- Immunizations/Vaccinations: Refer to the country's embassy website to find out if you need to show proof of immunizations to enter the country. It is also helpful to look up the country on the U.S. State Department web site. To get the required/recommended immunizations, my primary care provider referred us to a travel medicine clinic. We were able to get our shots there and prescriptions for medicine such as malaria pills, cipro, and altitude sickness (because we were climbing Mt. Kilimanjaro). If you work for a company that has its own medical clinic, you might be able to get your immunizations there. I was able to get most of my immunizations at work for free. For our trip, we got shots for yellow fever, hepatitis A, typhoid, and a Tdap (Tetanus, diphtheria and pertussis) booster.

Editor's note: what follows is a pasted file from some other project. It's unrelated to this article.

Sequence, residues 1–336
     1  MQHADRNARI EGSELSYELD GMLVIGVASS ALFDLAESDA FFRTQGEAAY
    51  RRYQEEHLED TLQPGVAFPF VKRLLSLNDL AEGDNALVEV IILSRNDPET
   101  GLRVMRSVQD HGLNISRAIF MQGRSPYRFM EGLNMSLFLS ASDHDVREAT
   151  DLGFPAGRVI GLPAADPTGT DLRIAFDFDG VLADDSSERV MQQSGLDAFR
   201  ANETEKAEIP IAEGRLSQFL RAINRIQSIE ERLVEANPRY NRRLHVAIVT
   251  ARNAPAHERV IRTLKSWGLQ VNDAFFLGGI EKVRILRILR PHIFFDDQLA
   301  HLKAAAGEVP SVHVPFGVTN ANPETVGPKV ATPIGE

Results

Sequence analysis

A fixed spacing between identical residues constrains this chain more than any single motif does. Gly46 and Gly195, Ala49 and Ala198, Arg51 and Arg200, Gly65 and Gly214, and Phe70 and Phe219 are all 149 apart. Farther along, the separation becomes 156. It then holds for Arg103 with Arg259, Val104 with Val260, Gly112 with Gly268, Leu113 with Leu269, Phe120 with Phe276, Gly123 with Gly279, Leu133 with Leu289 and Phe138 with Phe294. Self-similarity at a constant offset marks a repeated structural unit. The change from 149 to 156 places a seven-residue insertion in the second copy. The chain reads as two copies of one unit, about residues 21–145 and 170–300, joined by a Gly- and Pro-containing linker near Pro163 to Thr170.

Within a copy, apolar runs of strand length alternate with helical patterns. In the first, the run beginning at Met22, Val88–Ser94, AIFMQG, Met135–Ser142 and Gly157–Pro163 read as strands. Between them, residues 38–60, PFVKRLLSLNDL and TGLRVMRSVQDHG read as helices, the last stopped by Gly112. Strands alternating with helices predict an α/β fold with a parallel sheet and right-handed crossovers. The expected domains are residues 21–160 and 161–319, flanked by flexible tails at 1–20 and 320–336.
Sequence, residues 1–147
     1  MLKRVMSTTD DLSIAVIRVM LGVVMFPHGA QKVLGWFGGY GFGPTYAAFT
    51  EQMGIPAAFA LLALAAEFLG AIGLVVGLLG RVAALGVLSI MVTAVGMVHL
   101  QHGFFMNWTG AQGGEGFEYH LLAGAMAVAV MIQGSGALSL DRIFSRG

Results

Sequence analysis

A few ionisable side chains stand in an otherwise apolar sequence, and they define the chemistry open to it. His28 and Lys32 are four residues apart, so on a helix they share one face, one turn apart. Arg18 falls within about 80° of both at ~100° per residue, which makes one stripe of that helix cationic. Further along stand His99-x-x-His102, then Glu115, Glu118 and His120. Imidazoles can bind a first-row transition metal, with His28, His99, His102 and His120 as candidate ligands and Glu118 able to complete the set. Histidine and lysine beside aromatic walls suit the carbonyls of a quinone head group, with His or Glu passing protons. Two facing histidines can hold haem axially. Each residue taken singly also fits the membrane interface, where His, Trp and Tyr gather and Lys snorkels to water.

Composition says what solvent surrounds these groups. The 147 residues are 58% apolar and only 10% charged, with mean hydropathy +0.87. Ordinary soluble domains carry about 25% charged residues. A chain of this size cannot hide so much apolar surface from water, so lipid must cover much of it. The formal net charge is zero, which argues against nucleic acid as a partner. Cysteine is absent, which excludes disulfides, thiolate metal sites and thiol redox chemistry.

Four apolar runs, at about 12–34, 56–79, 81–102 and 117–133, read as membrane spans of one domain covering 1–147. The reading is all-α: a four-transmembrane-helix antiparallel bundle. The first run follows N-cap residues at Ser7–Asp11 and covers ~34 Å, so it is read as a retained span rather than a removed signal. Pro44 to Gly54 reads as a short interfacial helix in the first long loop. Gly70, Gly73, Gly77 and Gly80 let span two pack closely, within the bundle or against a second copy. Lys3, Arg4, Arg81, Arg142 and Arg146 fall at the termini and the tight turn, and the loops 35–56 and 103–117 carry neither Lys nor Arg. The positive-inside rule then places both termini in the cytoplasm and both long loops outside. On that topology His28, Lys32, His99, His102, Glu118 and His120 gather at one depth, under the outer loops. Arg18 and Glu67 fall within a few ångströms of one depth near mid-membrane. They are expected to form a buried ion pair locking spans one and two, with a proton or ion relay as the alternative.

- Money: Tanzania and Ethiopia are mainly cash societies. In other words, do not count on being able to easily use your credit card, debit card, or ATM card. Plan to use cash. Tanzania will accept U.S. dollars. We did not need to convert to Tanzanian shillings. Your notes should be new and in good condition. Make sure that some of the cash you bring is in small denominations, i.e., singles and 5's. This will help with small purchases and tips for bellmen. Since the Tanzanian portion of our trip was a package, all of our meals were included. We did not need money for food. However, we needed a significant amount of cash for Mt. Kilimanjaro gratuities and the safari guide gratuities. For the Mt. Kilimanjaro climb Traci and I gave a total gratuity of $700 to our support team. For the 5-day safari, Traci and I gave a total of $150 to our driver. In Ethiopia, we converted $100 to the local currency (Birr). Between a dinner, souvenirs, and tour guide/driver tips, we spent all our birrs during our two-day visit. Finally, you should let your credit card company know your travel plans in case you do have the opportunity to use your card while you are abroad. Otherwise, your transaction might be declined as 'suspicious' if a purchase in Africa does not fit your normal spending pattern.